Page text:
On-ground action helps to increase population numbers of the critically endangered Bilby
Following our article in the Land for Wildlife November newsletter about the ‘Bilby Blitz’, an innovative survey program run by Indigenous rangers in northern WA and the NT, we are pleased to report more news of positive on-ground action to help save Bilbies from extinction.
The Australian Wildlife Conservancy (AWC) and NSW National Parks have been working together to initiate the release of a number of Bilby’s into a 5,800-hectare feral predator-free fenced area in the Pilliga National Park, NSW. The rapid four month construction of the 32.1 km predator-proof fence earlier this year, will enable six locally extinct mammals to be reintroduced to the Pilliga: Bilby, Western Quoll, Western Barred Bandicoot, Brush-tailed Bettong, Bridled Nailtail Wallaby and Plains Mouse. The release of the Bilby spells the first of 13 species pegged for reintroduction into areas across NSW where they have become locally extinct, under the NSW Government’s 10-year ‘Save Our Species’ program.
Above: One of the first Bilbies to go back to a NSW national park after more than 100 years is released by NSW Environment Minister Gabrielle Upton, AWC CEO Tim Allard and AWC Wildlife Ecologist Dr Greg Holland. Photo credit: Wayne Lawler/AWC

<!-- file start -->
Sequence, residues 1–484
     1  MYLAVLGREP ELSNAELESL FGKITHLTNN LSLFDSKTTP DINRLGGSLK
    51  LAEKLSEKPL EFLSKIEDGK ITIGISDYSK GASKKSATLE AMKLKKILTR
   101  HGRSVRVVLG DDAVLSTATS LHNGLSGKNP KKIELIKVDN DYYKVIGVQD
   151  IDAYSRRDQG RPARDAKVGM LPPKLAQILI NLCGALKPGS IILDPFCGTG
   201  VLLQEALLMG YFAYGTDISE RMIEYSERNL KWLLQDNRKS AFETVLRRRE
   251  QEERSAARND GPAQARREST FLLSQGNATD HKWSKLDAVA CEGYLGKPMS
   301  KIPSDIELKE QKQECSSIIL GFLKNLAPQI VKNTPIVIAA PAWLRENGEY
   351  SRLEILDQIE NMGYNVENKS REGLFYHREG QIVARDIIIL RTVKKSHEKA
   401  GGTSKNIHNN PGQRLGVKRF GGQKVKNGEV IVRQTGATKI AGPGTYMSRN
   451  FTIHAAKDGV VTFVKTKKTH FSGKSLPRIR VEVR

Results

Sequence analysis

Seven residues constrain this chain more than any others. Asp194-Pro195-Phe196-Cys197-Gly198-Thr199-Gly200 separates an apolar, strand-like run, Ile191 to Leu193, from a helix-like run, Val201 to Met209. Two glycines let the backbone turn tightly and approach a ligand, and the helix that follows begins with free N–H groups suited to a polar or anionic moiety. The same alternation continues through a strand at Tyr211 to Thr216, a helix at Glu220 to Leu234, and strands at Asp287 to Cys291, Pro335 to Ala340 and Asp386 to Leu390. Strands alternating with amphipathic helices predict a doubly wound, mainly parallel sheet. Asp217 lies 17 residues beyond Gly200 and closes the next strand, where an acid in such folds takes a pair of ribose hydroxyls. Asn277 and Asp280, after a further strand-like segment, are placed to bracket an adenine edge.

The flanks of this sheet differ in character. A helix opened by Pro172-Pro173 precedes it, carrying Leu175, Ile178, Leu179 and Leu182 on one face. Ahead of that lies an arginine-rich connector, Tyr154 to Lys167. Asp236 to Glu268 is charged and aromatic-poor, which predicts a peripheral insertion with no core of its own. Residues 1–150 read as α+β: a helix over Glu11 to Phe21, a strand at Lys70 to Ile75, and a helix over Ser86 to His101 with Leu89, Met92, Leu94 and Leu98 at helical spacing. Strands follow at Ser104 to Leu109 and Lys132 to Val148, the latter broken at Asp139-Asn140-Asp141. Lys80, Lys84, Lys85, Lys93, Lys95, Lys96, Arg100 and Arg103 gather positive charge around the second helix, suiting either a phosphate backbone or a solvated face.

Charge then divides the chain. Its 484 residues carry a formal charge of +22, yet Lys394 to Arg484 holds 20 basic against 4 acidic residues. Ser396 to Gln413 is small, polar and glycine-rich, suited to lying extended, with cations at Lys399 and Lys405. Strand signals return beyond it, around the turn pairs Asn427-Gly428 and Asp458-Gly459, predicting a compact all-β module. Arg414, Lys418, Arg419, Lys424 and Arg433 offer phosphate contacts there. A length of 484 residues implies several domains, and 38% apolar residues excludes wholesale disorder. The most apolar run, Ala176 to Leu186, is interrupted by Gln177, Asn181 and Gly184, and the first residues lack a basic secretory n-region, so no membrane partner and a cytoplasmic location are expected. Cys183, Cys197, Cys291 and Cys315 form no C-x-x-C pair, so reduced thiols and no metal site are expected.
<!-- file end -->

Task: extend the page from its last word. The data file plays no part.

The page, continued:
The Bilbies that were released in the Piliga were sourced from a Bilby population previously re-established by the AWC in a feral predator-free area at Scotia Wildlife Sanctuary in far western New South Wales. The last record of a Bilby in NSW was over 100 years ago in 1912. The establishment of new populations in western and central NSW just might be the forerunner for facilitating population connectivity with their Bilby counterparts in NT and WA. I know that may seem like a ‘pie-in-the-sky’ idea, but if I can encourage you to consider incorporating some Bilby habitat into your Land for Wildlife and Garden for Wildlife properties, then suitable habitat areas will already be established when that day (possibly) comes and Bilbies can move straight in! PLUS, making your property or garden Bilby-friendly will benefit a whole host of other native species that have similar requirements and you will automatically be increasing available habitat areas and biodiversity in the Alice Springs region.